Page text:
Sandro Botticelli (1445-1510)

By real name Alessandro di Mariano di Vanni Filipepi, Sandro Botticelli was born around the year 1445 in Florence and died on May 17 1510, Florence.

Considered one of the greatest early Renaissance artists, Sandro Botticelli is know for the beauty and pathos of his characters, many of them populating mythological scenes, as well as biblical and Christian themes.

The figures of his compositions feature lines precisely drawn, well balanced group distributions (a characteristic of the age) and a profound emotional story attached to each face, denoting ambivalence, doubt or anxiety, even in those religious paintings that were supposed to be filled with rapture and serenity.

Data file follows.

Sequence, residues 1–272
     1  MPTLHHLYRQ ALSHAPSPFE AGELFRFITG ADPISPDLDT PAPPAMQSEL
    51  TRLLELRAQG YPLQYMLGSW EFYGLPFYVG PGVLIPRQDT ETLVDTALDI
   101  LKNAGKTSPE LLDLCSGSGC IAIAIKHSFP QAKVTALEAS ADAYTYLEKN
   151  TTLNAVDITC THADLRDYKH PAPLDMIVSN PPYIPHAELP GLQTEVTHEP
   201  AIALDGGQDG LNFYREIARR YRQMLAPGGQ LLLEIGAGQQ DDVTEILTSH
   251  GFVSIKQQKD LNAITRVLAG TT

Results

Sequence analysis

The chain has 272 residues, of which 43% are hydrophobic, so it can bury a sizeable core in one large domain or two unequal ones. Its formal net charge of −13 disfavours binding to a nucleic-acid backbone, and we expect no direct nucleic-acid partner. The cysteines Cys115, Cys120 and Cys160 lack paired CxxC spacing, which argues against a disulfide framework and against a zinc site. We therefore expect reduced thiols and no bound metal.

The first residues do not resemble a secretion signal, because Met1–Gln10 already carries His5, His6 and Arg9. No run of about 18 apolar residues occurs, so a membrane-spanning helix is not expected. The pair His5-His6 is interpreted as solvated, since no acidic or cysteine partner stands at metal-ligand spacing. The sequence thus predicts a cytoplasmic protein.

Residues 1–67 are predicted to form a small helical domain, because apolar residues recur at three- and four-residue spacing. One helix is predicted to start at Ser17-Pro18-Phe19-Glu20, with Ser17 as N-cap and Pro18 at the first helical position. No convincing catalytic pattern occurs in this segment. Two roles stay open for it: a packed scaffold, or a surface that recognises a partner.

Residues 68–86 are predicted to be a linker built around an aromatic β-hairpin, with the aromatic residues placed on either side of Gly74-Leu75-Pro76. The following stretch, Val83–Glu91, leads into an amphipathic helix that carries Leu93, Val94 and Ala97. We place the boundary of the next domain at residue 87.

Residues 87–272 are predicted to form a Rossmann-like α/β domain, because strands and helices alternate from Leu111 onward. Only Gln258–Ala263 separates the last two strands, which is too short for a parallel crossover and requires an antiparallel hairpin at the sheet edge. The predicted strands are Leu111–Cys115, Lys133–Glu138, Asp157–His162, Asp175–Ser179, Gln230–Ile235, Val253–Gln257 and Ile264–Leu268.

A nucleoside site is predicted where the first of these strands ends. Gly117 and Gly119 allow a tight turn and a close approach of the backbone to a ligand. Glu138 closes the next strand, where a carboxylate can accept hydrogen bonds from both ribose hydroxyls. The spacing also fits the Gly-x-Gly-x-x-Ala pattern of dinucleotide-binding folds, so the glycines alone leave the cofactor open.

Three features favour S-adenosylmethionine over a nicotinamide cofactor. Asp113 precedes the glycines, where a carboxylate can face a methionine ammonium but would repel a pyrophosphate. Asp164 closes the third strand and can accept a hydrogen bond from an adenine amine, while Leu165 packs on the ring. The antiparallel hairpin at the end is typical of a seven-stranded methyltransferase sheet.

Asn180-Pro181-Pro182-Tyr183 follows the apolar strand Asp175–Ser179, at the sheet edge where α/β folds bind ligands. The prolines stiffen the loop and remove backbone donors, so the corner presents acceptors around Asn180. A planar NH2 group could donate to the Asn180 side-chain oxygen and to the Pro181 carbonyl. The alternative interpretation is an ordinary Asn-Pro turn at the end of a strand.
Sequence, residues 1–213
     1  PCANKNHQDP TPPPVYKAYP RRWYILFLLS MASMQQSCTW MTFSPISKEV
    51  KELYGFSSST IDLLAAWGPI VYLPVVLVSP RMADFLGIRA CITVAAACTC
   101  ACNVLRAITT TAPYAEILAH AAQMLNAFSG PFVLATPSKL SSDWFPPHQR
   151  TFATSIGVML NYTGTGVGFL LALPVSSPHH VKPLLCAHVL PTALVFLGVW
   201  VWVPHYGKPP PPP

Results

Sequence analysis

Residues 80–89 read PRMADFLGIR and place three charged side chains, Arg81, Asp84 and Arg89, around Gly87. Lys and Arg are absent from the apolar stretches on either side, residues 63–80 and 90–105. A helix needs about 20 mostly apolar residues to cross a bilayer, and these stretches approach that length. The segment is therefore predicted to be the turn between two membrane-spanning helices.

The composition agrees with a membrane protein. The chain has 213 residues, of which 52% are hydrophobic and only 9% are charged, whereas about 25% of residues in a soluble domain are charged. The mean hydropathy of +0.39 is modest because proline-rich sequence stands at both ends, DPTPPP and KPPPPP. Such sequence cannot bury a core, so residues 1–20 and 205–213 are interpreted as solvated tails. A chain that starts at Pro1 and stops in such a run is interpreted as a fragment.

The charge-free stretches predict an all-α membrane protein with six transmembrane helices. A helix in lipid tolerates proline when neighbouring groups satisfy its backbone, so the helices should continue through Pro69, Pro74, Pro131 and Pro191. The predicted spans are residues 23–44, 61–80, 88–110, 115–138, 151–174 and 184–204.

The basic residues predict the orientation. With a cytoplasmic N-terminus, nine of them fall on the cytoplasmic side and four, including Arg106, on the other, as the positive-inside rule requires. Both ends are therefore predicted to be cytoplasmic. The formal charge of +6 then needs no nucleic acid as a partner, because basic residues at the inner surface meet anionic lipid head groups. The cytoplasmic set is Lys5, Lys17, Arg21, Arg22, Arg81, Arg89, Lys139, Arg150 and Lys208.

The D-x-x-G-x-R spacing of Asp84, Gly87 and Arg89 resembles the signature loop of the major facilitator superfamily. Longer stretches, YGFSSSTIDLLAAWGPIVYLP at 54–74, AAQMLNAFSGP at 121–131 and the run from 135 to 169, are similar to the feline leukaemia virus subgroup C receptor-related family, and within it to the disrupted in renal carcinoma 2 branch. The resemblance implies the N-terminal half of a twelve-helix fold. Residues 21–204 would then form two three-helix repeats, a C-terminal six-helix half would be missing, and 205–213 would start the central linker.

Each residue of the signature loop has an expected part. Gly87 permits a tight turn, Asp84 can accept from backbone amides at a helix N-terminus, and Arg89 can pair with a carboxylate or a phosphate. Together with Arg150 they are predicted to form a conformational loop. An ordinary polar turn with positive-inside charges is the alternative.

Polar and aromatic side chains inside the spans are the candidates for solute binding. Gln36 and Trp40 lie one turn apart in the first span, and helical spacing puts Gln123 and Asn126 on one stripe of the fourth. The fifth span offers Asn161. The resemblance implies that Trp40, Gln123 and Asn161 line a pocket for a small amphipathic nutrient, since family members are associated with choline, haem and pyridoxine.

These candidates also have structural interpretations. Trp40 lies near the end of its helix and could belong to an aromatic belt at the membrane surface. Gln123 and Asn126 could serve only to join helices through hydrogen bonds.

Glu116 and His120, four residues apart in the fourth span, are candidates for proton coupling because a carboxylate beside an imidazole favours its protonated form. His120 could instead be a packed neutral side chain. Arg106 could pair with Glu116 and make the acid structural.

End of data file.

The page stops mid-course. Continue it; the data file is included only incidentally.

Thus Botticelli is using a double language, a double code, that of gracious compositions, and that of portraiture charged with vague psychological energies, something between sadness, anxiety, and uncertainty.

Among his most famous works we mention: "Primavera" (1482, hosted at the Uffizi, Florence), "The Birth of Venus" (1485, Uffizi, Florence), "The Story of Nastagio degli Onesti" (1483, Museo del Prado, Madrid), and "Venus and Mars" (1483, National Gallery, London).



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